This Puzzle Brought To You By The Letters A And D Each answer is a familiar word that starts with A-D and is an anagram of the given letters. For example, given the "pat," the answer would be "adapt."
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This Puzzle Brought To You By The Letters A And D

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This Puzzle Brought To You By The Letters A And D

This Puzzle Brought To You By The Letters A And D

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  • <iframe src="" width="100%" height="290" frameborder="0" scrolling="no" title="NPR embedded audio player">
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This is WEEKEND EDITION from NPR News. I'm Liane Hansen.

And joining us puzzlemaster Will Shortz. Hey, Will.


HANSEN: How are you?

SHORTZ: Been good?

HANSEN: I'm well.

SHORTZ: Have you been traveling?

HANSEN: I have actually. I was in the Show-Me state, in Springfield, Missouri, and I was always asked do I know the answers ahead of time during puzzles. So, I assured the folks that support KMSU that I did not. But they're big fans and it was nice to be able to go out there. And you've been busy?

SHORTZ: Yes, yes. Played in a table tennis tournament yesterday in Rochester, New York, saw a play last night called "Life is Shortz" - it's about the New York Times crossword. Lots of stuff going on, yeah.

HANSEN: And lots of other stuff. I'm afraid we won't have time to play the game if we had the whole list of your itinerary for the next couple of months. So, let's get to that clue you gave us last week for the weekly challenge. What was it?

SHORTZ: Yes. I said: Name part of the human body, change one of the letters to an E and rearrange the result to name another part of the body. What parts are these?

HANSEN: And what was your answer?

SHORTZ: Well, I'll tell you, it turned out to be lots of answers. My intended answer was neck to knee but we also accepted hand to head, calf to face and arm to ear. Anything that worked was considered correct.

HANSEN: Well, you could tell - we had more than 2,400 entries and out of those our winner is Madhu Madhavan in Alexandria, Virginia. I hope I did justice to your name, sir.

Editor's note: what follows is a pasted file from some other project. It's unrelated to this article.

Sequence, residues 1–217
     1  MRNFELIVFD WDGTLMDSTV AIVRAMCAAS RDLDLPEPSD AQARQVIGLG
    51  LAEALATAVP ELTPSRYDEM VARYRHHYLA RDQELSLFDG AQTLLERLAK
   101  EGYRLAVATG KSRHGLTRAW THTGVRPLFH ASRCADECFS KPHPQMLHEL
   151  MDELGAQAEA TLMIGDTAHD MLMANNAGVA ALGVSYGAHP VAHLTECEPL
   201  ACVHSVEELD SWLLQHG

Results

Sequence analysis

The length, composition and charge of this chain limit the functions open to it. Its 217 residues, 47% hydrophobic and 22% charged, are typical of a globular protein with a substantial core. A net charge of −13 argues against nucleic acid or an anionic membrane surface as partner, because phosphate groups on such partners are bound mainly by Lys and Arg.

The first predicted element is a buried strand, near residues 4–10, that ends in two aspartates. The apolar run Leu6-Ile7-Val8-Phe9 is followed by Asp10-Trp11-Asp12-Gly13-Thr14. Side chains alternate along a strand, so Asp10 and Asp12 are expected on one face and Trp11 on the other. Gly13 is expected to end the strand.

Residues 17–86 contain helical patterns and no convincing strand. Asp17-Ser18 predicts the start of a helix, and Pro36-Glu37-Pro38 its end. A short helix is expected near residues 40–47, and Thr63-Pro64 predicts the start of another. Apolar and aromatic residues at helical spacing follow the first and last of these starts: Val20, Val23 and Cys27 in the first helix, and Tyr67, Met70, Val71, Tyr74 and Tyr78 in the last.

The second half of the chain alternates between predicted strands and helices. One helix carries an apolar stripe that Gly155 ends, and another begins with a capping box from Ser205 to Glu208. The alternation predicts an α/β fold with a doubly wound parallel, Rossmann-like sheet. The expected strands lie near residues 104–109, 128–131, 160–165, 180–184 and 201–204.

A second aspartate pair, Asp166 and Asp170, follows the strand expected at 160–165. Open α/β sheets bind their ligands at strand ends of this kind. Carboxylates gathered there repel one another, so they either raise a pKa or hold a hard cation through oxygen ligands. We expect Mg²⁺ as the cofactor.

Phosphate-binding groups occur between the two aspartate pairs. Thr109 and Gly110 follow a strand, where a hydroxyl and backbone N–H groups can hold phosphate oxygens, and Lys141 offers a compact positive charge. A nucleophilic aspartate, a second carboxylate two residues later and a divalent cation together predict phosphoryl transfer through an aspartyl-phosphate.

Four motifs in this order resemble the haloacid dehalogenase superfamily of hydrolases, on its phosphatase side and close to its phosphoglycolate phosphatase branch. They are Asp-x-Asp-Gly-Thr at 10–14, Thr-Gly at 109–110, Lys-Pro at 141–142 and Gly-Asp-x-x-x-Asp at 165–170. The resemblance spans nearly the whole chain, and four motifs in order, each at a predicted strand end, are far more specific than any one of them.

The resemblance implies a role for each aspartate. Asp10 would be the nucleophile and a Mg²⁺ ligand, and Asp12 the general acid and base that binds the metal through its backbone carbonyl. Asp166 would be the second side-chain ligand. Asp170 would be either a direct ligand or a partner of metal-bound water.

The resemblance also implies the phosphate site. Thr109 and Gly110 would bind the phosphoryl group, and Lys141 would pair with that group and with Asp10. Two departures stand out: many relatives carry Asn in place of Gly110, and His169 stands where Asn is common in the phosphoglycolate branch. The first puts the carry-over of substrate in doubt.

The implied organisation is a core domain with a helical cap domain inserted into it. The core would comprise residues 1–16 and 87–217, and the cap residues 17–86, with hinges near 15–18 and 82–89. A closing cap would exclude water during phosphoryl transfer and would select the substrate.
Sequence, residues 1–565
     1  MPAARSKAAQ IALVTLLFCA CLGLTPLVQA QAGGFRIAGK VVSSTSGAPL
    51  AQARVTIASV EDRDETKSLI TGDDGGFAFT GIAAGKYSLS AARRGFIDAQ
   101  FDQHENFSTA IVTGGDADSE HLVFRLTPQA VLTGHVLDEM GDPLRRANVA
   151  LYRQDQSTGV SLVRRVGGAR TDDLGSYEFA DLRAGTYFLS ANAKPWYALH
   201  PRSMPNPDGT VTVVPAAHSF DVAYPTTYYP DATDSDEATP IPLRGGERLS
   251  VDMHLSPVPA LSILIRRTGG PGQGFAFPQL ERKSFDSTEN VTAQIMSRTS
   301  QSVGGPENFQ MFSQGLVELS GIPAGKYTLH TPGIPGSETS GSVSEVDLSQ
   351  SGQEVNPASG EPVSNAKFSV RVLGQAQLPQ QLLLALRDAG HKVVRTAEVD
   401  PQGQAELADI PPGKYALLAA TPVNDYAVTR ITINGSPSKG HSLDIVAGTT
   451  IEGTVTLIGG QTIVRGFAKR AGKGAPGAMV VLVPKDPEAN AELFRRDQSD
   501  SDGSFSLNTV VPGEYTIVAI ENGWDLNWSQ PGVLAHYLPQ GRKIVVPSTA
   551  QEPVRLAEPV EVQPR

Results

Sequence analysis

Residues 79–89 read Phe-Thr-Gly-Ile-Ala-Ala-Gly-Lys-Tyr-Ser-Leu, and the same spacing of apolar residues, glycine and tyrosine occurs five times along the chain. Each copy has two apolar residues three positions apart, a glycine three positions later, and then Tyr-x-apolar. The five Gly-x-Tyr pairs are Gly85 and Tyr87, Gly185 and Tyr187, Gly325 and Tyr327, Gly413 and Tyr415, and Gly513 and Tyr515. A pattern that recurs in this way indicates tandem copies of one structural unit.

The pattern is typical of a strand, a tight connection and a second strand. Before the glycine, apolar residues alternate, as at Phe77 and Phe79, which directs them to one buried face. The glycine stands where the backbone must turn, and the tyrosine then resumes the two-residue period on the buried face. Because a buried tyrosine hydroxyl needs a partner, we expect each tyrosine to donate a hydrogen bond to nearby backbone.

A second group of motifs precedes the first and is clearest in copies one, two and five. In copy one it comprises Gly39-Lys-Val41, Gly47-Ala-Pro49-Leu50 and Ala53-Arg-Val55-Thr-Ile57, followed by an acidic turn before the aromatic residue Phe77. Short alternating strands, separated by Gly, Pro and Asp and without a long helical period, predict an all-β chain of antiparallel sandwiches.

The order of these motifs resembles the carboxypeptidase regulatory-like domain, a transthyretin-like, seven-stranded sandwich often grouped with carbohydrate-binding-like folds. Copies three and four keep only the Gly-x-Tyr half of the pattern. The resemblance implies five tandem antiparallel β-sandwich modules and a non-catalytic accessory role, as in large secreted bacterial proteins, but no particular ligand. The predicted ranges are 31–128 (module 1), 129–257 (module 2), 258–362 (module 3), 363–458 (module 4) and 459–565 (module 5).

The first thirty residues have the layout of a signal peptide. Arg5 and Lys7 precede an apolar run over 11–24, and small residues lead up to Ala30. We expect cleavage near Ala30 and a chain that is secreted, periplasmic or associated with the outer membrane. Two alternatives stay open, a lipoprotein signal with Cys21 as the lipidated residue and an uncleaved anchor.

HANSEN: All right. What do you do in Alexandria?

Mr. MADHAVAN: Well, I work for the World Bank during the week and on the weekends and evenings I do a lot of test prepping - high school students for the most part, SAT, PSAT and such.

HANSEN: Oh, your brain must be just full of knowledge if you're doing that. I'm glad you're here. And you've been playing for how long?

Mr. MADHAVAN: You wouldn't believe this - about 15 years. I have had a distribution list for the last several years. The puzzle goes out to about 100 people on four continents. I've been encouraging them to send in their entries but a lot of them don't want to be embarrassed, like you're going to embarrass me now.

HANSEN: Oh no, that is not going to happen, and I'll prove it to you because we will play. Please meet Madhu. Let's play.

SHORTZ: All right, Madhu.


SHORTZ: You know, NPR is noted for not having ads but today's puzzle is full of ads. Every answer is a familiar answer starting with the letters A-D. For example - and I'll give you anagrams of the answers. For example, if I said pat P-A-T, you would say adapt. That starts with A-D and rearrange pat to get the last three letters.

All right. Number one is led, L-E-D.

Mr. MADHAVAN: Addle.

SHORTZ: Addle is right. Number two is Tim, T-I-M.

Mr. MADHAVAN: Admit.

SHORTZ: Um-hum. Number three is nor, N-O-R.

Mr. MADHAVAN: Adorn.

SHORTZ: That's right. Juts, J-U-T-S.

Mr. MADHAVAN: J-U - adjust.

SHORTZ: Um-hum. Riot, R-I-O-T.


HANSEN: Yeah, help. My mind went...

Mr. MADHAVAN: Adroit, adroit.

HANSEN: Adroit.

SHORTZ: Adroit, good.

HANSEN: Very good. You didn't need help.

SHORTZ: Frit. F as in Fredrick, F-R-I-T.

Mr. MADHAVAN: Adrift.

SHORTZ: Adrift, good. Manta, M-A-N-T-A, as in a manta ray.

Mr. MADHAVAN: Adamant.

SHORTZ: Excellent. Learn, L-E-A-R-N.

Mr. MADHAVAN: Adrenal. But that's two...